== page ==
(Heb. kahal), the Hebrew people collectively as a holy community (Numbers 15:15). Every circumcised Hebrew from twenty years old and upward was a member of the congregation. Strangers resident in the land, if circumcised, were, with certain exceptions (Exodus 12:19; Numbers 9:14; Deuteronomy 23:1-3), admitted to the privileges of citizenship, and spoken of as members of the congregation (Exodus 12:19; Numbers 9:14; 15:15). The congregation were summonded together by the sound of two silver trumpets, and they met at the door of the tabernacle (Numbers 10:3). These assemblies were convened for the purpose of engaging in solemn religious services (Exodus 12:27; Numbers 25:6; Joel 2:15), or of receiving new commandments (Exodus 19:7,8). The elders, who were summonded by the sound of one trumpet (Numbers 10:4), represented on various occasions the whole congregation (Exodus 3:16; 12:21; 17:5; 24:1).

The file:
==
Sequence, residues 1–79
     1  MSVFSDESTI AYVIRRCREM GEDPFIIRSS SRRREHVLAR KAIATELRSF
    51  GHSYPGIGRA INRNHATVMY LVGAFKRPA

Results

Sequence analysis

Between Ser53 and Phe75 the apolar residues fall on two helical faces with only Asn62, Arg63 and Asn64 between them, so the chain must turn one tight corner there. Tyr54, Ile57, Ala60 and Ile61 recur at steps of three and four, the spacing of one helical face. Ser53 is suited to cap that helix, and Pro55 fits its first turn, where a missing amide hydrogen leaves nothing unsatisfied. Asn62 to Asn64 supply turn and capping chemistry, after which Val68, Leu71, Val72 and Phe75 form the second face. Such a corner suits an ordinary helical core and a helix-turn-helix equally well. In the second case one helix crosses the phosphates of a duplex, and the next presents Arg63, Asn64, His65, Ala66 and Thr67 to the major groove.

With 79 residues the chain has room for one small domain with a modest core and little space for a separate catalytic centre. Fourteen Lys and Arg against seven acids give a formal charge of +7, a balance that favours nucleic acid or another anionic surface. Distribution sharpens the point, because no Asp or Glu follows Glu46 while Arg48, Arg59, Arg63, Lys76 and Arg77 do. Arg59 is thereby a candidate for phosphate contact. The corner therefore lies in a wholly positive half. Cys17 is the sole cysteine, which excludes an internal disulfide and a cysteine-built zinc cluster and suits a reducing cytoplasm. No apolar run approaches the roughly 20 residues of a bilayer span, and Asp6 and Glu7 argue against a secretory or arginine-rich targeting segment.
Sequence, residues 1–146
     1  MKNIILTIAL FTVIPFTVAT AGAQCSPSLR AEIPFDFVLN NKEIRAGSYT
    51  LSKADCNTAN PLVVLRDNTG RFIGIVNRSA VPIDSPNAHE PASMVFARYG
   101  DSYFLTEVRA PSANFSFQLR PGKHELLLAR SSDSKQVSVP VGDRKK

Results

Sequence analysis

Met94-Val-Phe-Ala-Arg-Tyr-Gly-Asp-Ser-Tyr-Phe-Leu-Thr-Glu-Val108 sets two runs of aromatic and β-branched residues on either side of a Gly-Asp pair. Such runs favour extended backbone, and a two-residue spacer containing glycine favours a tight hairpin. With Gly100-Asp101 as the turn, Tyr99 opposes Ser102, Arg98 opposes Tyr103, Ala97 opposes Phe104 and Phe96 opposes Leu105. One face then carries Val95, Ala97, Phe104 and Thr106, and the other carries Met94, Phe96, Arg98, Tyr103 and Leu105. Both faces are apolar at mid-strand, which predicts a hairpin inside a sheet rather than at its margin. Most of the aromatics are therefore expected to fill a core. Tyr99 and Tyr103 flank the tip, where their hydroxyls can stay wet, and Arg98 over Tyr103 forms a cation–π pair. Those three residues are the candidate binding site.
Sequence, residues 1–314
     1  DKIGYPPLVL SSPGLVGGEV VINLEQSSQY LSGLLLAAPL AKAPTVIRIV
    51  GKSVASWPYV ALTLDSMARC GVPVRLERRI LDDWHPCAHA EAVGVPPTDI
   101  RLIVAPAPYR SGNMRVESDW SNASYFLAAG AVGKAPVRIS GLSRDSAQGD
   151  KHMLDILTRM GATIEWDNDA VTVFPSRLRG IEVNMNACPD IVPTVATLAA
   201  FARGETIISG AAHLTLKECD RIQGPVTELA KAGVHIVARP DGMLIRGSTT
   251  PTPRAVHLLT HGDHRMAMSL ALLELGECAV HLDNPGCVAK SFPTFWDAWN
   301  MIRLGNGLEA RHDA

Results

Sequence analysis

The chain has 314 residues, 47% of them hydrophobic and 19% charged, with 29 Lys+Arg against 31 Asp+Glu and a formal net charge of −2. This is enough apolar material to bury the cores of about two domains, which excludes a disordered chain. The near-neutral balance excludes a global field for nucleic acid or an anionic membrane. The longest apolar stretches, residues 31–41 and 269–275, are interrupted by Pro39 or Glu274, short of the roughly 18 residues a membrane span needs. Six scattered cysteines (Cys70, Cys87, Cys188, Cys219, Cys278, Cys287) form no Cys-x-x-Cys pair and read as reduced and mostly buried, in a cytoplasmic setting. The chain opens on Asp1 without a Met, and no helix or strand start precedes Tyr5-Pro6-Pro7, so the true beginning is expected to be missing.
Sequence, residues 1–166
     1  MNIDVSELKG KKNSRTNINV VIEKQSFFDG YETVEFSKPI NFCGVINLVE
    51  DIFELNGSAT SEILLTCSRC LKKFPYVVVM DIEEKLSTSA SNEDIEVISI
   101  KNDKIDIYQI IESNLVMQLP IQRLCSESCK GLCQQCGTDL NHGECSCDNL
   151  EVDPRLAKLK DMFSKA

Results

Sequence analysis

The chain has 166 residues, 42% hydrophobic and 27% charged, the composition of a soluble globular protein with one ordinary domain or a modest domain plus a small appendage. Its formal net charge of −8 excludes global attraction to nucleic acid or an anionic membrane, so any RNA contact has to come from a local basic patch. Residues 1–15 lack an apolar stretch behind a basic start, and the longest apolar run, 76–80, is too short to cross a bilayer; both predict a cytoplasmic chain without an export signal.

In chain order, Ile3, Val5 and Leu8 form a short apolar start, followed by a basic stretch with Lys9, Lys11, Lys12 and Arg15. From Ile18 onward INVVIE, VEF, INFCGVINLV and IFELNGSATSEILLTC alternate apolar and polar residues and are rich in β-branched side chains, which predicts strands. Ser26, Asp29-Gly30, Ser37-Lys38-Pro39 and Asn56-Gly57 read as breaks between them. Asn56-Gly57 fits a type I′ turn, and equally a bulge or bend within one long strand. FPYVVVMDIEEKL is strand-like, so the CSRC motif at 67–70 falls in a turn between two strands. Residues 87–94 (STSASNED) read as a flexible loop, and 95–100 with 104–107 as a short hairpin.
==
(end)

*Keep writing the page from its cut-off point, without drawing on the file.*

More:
After the conquest of Canaan, the people were assembled only on occasions of the highest national importance (Judg. 20; 2 Chronicles 30:5; 34:29; 1 Samuel 10:17; 2Sam 5:1-5; 1 Kings 12:20; 2Kings 11:19; 21:24; 23:30). In subsequent times the congregation was represented by the Sanhedrim; and the name synagogue, applied in the Septuagint version exclusively to the congregation, came to be used to denote the places of worship established by the Jews. (See CHURCH .)
In Acts 13:43, where alone it occurs in the New Testament, it is the same word as that rendered "synagogue" (q.v.) in ver. 42, and is so rendered in ver. 43 in RSV